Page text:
palisado

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English[edit]

Noun[edit]

palisado (plural palisadoes)

  1. Obsolete form of palisade.
    • 1662, Henry More, An Antidote Against Atheism, Book II, A Collection of Several Philosophical Writings of Dr. Henry More, p. 79:
      " [] and the Eye-lids are fortifi'd with little stiff bristles, as with Palisadoes, against the assault of Flies and Gnats, and such bold Animalcula"

Verb[edit]

palisado (third-person singular simple present palisadoes, present participle palisadoing, simple past and past participle palisadoed)

  1. Obsolete form of palisade.
    • 1726, Jonathan Swift, Gulliver's Travels, Part II, Chapter II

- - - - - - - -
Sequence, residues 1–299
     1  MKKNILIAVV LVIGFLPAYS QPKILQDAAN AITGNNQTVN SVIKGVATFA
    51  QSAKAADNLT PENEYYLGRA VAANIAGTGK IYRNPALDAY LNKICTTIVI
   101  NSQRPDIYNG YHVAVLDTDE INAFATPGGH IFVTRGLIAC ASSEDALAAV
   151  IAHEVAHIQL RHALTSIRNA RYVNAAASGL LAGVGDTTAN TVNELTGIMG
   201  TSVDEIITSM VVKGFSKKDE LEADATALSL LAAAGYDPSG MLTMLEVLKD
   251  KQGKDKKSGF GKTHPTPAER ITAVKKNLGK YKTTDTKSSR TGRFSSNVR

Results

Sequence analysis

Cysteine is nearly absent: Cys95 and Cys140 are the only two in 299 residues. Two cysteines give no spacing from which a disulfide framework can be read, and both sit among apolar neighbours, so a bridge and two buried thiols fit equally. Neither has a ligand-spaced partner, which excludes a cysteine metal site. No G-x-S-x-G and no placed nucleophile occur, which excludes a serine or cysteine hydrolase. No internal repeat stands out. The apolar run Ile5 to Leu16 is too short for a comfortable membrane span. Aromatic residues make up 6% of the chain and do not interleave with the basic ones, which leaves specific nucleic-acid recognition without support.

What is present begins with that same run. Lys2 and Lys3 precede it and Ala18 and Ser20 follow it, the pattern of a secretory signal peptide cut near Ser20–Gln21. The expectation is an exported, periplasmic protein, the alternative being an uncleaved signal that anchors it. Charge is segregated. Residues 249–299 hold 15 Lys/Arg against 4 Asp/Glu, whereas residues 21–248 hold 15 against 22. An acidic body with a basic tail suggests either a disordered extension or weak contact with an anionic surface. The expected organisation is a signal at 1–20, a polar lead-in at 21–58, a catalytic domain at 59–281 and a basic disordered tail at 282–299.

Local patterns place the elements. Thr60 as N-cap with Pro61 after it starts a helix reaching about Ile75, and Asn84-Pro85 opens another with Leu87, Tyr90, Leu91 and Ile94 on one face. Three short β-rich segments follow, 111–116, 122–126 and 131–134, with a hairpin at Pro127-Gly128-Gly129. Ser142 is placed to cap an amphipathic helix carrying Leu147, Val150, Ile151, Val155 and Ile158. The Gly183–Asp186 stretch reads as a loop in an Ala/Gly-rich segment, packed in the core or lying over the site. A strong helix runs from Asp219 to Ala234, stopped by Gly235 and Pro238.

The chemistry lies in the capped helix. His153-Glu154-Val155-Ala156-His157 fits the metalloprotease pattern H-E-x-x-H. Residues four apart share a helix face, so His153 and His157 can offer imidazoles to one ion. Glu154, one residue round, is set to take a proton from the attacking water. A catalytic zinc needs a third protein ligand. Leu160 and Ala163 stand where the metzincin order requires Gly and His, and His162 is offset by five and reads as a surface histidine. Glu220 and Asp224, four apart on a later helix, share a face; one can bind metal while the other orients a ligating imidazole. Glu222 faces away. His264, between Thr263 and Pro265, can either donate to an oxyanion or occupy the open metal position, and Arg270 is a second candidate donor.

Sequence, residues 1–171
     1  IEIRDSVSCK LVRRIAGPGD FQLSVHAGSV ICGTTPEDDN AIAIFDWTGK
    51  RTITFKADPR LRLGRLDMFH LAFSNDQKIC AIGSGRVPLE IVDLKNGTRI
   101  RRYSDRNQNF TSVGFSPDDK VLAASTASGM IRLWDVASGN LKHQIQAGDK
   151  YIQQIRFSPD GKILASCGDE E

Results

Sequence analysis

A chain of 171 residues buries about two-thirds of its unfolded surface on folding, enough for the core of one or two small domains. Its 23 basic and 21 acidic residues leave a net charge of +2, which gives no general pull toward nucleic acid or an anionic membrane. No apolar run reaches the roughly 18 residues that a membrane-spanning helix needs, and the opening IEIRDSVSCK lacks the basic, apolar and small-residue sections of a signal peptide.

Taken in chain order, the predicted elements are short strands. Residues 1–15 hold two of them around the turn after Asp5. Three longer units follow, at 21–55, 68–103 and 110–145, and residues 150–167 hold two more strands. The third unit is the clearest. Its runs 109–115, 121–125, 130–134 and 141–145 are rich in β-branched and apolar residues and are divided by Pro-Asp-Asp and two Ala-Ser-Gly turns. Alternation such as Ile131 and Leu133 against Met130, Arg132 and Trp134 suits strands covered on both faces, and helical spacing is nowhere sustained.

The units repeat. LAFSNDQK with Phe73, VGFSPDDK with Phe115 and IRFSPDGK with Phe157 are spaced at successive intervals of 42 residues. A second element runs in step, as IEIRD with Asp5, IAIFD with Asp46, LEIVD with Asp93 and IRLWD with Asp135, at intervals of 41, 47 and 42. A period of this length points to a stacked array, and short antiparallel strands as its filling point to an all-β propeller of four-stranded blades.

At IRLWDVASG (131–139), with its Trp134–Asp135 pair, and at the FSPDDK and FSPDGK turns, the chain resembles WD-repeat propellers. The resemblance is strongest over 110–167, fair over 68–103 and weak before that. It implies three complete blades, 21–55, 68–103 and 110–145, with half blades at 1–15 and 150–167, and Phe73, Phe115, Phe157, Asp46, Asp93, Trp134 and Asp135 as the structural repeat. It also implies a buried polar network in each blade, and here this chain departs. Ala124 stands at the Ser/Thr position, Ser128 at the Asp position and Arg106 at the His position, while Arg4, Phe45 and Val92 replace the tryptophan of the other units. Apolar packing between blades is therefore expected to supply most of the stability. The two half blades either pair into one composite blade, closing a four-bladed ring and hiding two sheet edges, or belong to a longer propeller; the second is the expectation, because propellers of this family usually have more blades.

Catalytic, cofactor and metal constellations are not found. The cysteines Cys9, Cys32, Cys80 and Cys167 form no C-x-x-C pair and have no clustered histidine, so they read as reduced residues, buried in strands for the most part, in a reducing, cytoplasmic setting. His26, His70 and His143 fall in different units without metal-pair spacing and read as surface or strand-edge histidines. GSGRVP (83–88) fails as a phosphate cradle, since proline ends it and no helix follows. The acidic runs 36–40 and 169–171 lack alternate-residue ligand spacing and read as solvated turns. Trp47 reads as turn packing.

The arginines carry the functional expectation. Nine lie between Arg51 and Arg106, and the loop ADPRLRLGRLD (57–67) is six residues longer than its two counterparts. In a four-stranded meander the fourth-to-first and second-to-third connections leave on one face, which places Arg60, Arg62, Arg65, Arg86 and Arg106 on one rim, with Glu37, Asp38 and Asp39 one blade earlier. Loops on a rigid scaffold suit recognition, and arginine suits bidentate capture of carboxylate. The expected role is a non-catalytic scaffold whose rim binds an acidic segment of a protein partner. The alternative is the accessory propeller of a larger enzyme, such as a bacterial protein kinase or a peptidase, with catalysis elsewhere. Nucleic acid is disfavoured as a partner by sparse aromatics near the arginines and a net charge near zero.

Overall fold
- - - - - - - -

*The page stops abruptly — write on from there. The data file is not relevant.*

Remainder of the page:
He provided a table sixty feet in diameter, upon which I was to act my part, and palisadoed it round three feet from the edge, and as many high, to prevent my falling over.
    • 1853, Mary Howitt., Strife and Peace[1]:
      The sea breaks upon this coast against a palisadoed fence of rocks and cliffs, around which swarm flocks of polar birds with cries and screams.
    • 1816, Robert Kerr, A General History and Collection of Voyages and Travels, Volume 17[2]:
      At Chaco they had a little earthen fort, with a small ditch palisadoed round it, and a few old honeycombed guns without carriages, and which do not defend the harbour in the least.

Usage notes[edit]

  • Does not include the more recent biology sense of palisade.